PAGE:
By Julien Ponthus

(Reuters) – Tech stocks staged a tentative rebound across financial markets on Friday as stellar results from Amazon convinced traders not to give up on a sector weakened by a global monetary tightening cycle and the historic crash of Facebook owner Meta.

The company led by chief executive Mark Zuckerberg saw over $200 billion of its market value wiped out after it issued a dismal forecast, representing the biggest single-day slide for a U.S. company.

Meta’s selloff spilled over to other listed tech companies dragging Wall Street deep into the red before Amazon’s convincing earnings beat reported after market close on Thursday changed the mood.

Inspired by the upbeat set of results for the tech giant, Asian equities rose about 1% and Amazon’s shares listed in Frankfurt were up 12%.

Shares of social media platform SNAP were up more than 50% in pre-market trading after they tumbled by a quarter in the previous session in another sign that sentiment towards the sector was steadying.

At 1108 GMT, the European tech index was down a modest 0.7% in contrast to the Nasdaq’s 3.7% fall on Thursday and was outperforming the rest of pan-European STOXX 600 index. Nasdaq was set to open higher with futures up 0.7%.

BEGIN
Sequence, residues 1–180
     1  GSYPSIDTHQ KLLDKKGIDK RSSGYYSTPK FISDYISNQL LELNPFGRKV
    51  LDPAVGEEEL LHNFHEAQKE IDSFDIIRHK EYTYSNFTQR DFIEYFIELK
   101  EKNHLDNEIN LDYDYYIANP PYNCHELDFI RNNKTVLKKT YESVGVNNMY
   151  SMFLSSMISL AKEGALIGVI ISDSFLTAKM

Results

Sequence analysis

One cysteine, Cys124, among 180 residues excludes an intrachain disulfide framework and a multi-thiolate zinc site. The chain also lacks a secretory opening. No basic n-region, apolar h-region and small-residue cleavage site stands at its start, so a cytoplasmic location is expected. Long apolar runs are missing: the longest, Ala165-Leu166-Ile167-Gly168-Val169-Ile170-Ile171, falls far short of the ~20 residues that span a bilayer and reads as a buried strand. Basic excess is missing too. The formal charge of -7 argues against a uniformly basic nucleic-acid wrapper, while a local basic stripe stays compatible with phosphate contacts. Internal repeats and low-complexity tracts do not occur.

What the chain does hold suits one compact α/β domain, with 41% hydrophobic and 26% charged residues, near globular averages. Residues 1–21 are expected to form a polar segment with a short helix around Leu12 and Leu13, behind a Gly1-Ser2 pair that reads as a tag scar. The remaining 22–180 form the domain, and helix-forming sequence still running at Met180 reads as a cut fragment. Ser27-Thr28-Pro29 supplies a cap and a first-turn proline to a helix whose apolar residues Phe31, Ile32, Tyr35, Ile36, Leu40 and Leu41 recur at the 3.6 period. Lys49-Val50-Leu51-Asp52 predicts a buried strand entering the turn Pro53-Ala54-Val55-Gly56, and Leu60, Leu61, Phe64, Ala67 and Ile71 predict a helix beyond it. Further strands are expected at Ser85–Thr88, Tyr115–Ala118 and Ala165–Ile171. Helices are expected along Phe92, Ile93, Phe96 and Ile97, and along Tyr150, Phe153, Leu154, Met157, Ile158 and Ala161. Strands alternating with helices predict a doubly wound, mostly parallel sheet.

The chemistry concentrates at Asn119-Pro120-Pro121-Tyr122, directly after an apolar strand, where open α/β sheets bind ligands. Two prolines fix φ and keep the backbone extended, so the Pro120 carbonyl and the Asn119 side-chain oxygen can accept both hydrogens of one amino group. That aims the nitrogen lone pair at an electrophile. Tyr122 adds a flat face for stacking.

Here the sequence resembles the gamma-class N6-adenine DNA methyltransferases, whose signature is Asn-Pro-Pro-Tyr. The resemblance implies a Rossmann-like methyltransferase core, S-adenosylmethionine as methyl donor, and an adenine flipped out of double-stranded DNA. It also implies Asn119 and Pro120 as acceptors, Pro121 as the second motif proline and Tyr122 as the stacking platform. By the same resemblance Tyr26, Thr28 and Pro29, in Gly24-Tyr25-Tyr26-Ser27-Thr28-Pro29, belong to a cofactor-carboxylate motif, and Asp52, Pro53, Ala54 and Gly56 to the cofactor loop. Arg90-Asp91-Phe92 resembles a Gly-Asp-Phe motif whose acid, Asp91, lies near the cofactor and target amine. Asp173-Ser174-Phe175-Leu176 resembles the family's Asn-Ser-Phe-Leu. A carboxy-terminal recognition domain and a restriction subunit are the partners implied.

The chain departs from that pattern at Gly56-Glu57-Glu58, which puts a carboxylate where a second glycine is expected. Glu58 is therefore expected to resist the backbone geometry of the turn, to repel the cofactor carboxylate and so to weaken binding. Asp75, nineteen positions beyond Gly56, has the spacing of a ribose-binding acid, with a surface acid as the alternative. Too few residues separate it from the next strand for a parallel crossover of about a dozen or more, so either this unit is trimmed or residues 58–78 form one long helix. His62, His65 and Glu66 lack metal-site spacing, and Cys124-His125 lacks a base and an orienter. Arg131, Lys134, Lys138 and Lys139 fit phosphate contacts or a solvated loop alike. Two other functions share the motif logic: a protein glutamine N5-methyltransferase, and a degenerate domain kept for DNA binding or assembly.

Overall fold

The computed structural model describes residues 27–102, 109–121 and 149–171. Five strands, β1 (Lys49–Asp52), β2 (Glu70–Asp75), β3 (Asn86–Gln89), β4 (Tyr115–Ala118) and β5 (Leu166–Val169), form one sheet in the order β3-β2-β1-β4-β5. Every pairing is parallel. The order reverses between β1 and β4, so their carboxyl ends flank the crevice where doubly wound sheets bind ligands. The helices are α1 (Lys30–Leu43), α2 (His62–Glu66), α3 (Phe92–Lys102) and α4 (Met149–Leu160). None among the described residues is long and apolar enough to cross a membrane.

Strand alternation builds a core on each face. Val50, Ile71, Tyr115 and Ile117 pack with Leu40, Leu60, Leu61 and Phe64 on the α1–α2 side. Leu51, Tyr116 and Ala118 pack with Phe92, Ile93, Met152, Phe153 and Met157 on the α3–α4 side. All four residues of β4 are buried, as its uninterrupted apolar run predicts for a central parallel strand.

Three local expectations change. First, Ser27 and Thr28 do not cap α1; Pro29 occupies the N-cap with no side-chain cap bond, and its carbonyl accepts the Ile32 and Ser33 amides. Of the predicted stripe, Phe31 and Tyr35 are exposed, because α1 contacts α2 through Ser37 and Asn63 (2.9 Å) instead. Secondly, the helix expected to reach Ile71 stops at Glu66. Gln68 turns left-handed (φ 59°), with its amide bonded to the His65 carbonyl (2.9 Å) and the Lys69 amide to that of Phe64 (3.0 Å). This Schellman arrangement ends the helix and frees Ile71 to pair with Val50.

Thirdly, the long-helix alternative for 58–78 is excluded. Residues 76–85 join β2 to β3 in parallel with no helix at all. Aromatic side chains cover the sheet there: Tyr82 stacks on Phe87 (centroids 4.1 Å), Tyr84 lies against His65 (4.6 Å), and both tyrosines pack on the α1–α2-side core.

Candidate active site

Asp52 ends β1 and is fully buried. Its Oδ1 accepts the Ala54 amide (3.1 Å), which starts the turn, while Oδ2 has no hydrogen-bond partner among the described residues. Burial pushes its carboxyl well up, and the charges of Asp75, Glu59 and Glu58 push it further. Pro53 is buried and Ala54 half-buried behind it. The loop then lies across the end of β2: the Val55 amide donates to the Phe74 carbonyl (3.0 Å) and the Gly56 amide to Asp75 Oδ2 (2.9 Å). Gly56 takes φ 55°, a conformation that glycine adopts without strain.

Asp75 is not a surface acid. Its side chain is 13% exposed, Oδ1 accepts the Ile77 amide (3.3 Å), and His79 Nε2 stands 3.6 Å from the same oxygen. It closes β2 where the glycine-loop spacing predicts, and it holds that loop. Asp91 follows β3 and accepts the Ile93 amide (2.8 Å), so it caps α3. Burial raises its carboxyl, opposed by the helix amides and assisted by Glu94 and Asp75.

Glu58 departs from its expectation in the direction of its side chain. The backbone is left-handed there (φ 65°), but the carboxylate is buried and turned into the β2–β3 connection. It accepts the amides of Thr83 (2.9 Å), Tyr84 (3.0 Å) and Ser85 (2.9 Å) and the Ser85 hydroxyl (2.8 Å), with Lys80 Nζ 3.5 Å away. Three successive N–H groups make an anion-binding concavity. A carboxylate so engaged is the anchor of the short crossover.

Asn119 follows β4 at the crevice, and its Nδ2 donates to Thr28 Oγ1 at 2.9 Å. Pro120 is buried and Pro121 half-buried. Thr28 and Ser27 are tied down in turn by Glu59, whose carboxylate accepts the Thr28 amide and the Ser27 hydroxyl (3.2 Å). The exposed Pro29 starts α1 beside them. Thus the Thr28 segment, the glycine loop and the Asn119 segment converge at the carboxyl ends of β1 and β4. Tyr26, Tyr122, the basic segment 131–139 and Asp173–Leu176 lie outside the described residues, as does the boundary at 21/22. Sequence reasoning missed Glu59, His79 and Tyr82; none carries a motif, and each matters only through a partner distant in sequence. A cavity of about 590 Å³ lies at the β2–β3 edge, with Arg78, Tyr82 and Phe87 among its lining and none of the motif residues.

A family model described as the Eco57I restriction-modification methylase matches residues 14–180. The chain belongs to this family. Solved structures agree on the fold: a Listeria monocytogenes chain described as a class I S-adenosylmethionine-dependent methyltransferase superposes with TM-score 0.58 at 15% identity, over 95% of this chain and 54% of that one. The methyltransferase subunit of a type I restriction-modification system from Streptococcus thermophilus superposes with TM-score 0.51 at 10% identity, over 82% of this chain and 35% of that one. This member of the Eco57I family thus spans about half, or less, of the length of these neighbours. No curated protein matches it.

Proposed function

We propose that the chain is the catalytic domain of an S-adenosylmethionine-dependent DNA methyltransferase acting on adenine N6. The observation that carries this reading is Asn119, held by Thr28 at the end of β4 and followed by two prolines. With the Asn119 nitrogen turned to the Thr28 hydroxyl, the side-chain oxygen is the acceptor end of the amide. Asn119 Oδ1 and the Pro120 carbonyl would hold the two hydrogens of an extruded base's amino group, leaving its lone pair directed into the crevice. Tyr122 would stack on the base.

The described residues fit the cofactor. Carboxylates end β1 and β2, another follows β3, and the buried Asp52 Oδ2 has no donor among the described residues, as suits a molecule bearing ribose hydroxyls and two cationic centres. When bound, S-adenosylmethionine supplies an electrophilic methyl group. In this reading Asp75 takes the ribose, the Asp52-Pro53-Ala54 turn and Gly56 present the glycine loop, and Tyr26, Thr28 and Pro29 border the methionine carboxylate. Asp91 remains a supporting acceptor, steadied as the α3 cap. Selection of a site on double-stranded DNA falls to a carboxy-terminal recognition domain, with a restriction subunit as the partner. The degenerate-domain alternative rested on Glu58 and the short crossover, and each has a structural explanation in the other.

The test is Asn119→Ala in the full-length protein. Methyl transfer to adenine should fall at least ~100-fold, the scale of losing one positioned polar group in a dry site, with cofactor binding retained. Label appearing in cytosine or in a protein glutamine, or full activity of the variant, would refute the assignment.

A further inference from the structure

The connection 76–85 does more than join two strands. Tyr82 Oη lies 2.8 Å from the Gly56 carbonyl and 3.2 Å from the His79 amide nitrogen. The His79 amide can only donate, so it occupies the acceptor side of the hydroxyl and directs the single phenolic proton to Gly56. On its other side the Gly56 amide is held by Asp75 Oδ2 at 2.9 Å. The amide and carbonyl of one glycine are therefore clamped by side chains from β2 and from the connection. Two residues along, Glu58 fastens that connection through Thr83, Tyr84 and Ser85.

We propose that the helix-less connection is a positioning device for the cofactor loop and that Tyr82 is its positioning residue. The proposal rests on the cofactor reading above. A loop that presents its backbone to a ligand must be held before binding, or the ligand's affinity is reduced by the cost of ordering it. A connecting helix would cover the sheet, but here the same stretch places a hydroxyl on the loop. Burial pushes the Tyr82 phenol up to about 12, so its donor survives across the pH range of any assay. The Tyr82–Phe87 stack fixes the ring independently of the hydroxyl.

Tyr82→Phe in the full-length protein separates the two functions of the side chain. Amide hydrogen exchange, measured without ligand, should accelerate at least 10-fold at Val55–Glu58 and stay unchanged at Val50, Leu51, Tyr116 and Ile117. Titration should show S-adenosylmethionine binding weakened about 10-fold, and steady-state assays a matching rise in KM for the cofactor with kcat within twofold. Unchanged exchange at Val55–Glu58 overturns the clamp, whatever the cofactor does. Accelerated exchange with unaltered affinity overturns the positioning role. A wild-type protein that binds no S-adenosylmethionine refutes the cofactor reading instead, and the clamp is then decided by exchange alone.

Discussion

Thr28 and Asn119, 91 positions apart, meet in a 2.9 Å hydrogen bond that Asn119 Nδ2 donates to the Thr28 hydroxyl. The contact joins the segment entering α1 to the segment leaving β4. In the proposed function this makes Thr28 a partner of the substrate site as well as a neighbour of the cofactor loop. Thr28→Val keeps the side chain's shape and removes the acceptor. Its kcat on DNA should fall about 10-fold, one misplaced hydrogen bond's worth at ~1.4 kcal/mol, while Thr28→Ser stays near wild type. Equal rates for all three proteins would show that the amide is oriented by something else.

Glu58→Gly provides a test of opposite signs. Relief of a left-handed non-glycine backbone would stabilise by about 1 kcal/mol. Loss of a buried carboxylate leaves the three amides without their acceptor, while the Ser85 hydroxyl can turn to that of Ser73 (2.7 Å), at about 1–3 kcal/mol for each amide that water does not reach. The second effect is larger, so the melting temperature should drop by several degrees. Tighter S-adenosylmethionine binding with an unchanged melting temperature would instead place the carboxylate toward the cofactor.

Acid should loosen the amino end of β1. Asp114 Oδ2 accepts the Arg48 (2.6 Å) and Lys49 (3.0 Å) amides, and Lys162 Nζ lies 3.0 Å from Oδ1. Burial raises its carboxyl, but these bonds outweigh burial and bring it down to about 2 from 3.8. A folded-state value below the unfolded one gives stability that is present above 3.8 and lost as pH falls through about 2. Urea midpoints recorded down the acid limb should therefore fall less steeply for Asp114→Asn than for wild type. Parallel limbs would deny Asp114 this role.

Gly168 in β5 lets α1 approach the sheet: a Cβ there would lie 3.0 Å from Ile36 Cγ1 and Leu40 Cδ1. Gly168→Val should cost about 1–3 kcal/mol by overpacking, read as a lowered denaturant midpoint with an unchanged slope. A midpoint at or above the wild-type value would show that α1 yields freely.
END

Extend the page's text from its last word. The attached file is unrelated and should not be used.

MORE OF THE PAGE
The fourth-quarter earnings season has been mixed for tech companies with bitter disappointments from such players as streaming giant Netflix and fintech PayPal partially offset by uplifting results from Apple and Microsoft.

Mark Haefele, chief investment officer at UBS Global Wealth Management said the big picture for the sector was far from being bleak.

“Overall, the earnings outlook is still solid, with the global tech sector on track for earnings growth of around 15%,” he wrote in a daily morning note to clients.

“In our base case, we expect valuations to stabilize and for strong mid-teens earnings growth to be reflected in share prices over the next 12 months”.

Many investors started trimming their holdings of tech stocks even before the earnings season kicked off as future earnings growth promised by the sector loses its appeal when central banks raise rates, increasing the immediate financial rewards of holding risk-free government bonds.

Top investment banks have been recommending rotating portfolios towards stocks that do well when inflation and bond yields rise, such as banks, insurers, miners and oil companies, ever since the U.S. Federal Reserve flagged it would start raising rates from next month.

(Reporting by Julien Ponthus; Editing by Saikat Chatterjee and Tomasz Janowski)